In this case, both of these individuals are interested in eating healthier, especially along the lines of organic and locally grown foods in their area.
For your container farm business, this might be the opportunity to provide some of your crops to a local restaurant or a grocery store or even selling your produce at a local farmer’s market.
As mentioned, the purpose of a customer persona is to figure out who your business will be catering to.
This doesn’t mean you have to stick to a particular customer when you start a container farm business.
Customers, like crops and produce, come in many different flavors, so while these may be your ideal personas, it doesn’t mean you have to stick to just those avatars.
Investment Planning for Container Farm Businesses
Now that we’ve discovered what kind of customer you want to attract, the next step to start a container farm business is to get into the financial side of things.
We’re not going to lie – starting a container farm business is expensive; some containers can even cost up to $120,000!
Pure Greens does offer affordable pricing for our container systems, however, we also understand that most people don’t have thousands of dollars just lying around.
But now that the shock has worn off, that doesn’t mean you need to give up your dream.
There are a variety of different programs, grants, and loans out there that can help you get started in the container farm business.
We even wrote a blog about the different ways to get a loan or a grant.
In summary, we discovered 10 different loans and grants that are helping to pay for part or even all setup costs to start a container farm business.
Here’s a quick rundown:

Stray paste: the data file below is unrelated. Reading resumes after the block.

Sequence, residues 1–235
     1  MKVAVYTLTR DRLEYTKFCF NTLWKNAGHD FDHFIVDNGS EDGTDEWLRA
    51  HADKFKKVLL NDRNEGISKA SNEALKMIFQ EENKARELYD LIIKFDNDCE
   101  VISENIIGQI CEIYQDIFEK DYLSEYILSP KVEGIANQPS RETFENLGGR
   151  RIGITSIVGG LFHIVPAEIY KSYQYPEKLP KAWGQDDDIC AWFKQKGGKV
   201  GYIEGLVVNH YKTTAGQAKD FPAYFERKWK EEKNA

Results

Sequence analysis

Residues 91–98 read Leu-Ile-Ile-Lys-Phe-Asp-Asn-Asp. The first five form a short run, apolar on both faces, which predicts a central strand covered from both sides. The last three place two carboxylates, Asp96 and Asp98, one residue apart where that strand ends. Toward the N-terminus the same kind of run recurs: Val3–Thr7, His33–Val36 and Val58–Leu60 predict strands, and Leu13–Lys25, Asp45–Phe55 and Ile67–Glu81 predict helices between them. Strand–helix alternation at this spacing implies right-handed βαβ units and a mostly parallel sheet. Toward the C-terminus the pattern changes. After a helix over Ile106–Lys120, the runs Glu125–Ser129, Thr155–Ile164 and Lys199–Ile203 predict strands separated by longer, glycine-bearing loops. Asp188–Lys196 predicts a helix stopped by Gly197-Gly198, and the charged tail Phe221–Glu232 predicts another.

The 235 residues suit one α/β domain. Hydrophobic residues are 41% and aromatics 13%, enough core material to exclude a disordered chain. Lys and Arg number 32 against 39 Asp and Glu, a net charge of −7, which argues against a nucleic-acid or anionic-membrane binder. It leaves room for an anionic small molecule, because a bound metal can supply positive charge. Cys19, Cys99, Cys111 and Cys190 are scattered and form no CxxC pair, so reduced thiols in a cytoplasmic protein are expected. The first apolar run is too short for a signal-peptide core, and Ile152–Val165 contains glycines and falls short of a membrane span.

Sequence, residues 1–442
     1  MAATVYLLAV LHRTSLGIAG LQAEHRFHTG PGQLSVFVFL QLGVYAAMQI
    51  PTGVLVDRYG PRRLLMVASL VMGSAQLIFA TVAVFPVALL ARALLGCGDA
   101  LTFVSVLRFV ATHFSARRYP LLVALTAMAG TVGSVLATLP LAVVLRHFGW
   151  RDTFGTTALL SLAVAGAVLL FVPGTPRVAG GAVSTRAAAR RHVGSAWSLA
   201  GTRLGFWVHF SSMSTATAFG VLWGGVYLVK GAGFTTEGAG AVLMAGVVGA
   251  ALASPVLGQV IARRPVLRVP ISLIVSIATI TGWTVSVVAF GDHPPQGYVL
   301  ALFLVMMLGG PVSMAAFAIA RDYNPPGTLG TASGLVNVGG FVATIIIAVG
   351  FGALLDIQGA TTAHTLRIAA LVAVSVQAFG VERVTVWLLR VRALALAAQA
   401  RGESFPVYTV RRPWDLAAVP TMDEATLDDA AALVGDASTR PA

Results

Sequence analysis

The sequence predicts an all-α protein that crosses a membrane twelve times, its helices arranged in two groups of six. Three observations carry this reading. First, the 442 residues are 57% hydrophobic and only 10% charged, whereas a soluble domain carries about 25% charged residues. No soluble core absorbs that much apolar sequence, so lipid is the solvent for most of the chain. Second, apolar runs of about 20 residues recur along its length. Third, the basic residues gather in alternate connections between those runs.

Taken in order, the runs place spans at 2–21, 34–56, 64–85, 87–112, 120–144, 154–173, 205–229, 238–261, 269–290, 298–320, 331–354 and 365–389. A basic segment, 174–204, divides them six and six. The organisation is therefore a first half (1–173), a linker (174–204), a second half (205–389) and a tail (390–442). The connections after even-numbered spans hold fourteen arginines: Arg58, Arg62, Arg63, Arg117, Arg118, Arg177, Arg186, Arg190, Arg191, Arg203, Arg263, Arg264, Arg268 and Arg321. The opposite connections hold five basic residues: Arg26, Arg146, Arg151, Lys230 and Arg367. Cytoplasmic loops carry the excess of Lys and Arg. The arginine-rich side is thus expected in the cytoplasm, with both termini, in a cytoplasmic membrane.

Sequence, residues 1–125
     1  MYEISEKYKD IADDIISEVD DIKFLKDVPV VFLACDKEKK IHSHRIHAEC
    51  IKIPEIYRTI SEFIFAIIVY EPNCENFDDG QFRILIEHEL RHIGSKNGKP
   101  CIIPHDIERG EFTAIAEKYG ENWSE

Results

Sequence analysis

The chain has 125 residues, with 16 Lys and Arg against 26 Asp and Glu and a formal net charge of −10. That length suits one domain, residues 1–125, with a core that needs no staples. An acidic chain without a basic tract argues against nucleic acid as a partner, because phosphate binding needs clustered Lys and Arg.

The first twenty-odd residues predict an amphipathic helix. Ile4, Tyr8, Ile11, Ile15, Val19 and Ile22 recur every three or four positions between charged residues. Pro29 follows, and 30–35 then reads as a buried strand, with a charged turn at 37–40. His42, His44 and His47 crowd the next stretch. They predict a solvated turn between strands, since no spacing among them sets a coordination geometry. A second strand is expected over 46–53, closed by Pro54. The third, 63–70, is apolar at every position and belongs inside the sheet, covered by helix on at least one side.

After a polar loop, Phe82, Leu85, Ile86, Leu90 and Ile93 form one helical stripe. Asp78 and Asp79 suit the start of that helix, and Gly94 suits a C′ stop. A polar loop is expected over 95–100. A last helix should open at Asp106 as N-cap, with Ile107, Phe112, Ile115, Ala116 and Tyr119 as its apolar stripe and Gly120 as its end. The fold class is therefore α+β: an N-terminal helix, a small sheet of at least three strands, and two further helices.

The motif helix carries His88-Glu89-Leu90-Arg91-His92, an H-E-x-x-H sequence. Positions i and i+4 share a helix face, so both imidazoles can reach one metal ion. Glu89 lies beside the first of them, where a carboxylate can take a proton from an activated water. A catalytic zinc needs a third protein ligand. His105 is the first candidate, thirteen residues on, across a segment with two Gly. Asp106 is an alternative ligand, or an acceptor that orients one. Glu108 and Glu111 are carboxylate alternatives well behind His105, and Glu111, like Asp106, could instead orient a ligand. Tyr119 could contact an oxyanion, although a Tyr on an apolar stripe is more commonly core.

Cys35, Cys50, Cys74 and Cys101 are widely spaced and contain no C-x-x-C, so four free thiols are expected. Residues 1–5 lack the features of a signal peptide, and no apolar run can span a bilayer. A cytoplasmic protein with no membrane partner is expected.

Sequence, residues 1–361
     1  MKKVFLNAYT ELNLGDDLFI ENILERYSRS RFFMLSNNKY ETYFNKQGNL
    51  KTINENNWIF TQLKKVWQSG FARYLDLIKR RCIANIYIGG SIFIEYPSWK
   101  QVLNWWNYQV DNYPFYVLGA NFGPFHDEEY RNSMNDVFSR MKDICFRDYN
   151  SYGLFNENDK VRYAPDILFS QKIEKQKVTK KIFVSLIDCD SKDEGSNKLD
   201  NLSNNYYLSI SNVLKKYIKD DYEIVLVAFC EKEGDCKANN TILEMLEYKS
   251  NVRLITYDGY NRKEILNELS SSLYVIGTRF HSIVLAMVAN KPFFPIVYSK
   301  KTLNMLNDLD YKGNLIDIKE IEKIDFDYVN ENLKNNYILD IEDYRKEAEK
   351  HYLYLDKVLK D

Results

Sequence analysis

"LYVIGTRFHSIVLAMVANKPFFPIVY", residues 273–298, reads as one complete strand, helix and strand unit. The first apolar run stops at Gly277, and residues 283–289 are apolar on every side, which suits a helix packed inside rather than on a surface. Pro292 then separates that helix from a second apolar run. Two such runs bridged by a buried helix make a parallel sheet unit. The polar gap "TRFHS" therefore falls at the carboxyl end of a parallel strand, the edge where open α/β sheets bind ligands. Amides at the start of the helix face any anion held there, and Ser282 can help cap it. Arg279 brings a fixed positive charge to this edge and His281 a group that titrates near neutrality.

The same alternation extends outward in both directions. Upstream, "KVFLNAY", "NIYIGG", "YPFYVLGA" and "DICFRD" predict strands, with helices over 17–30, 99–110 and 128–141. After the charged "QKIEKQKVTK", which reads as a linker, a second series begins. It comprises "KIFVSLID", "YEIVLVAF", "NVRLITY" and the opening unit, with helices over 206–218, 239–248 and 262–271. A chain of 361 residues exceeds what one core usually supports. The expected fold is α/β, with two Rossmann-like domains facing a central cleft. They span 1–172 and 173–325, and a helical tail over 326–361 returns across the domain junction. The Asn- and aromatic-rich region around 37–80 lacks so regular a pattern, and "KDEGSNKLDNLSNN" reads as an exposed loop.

- USDA Specialty Crop Block Grant Program – designed for those just beginning in farming, the SCBGP is a program designed to enhance the competitiveness of specialty crops. Many of these crops can be grown within a container farm. Go to the main webpage to learn more about this grant.
- USDA Value Added Producer Grant – another grant by the United States Department of Agriculture (USDA), this grant helps to fund farmers who are generating new products, expanding marketing opportunities, and increasing producer income. Beginning farmers will sometimes receive priority when applying. To learn more about the VAPG, check out their website.
- USDA Rural Energy for America Program – The REAP provides funding to farmers that are using renewable energy systems or are improving the efficiency of any of their existing systems. This is a great grant as container farms qualify as a renewable energy system. Learn more at their website.
- Farm Service Agency Farm Operating Loans – switching our focus now to available loans, FSA loans are designed to help farmers start, maintain, or strengthen their farm or ranch and is a great place to start for financing your container farm. Discover more on their website.
- FSA Farm Ownership Loans – FSA ownership loans are another great choice for first-time farmers, as it provides 100% of the funding necessary to start your farm. To learn more, visit their website.
Finding a Container Farm Business Location
We’ve taken the first two steps to start a container farm business – creating a customer persona and looking into investment planning involving grants and loans – and this next step is another crucial item that should be considered in the first initial concept.
While the advantage of container farming is the versatility of growing food within areas that would normally not be used for farming or are outside of the preferred farming locale, you still need to choose a location for your container farm business and that often includes finding out what location you can use for your container farm business.
Zoning and Permits
Unfortunately, you might not be able to purchase a container farm and just set it on your front lawn or even in the parking lot of your favorite grocery store.
This is because of zoning laws and permits.
While both residential and business locations are subject to zoning and permits, what exactly does that mean? And how does it affect your container farm business?
Zoning laws are a set of guidelines set up by local governments and municipalities that help guide the development and growth of the area. Zoning is often used to preserve the character of a neighborhood and ensures new development is compatible with existing uses and communities.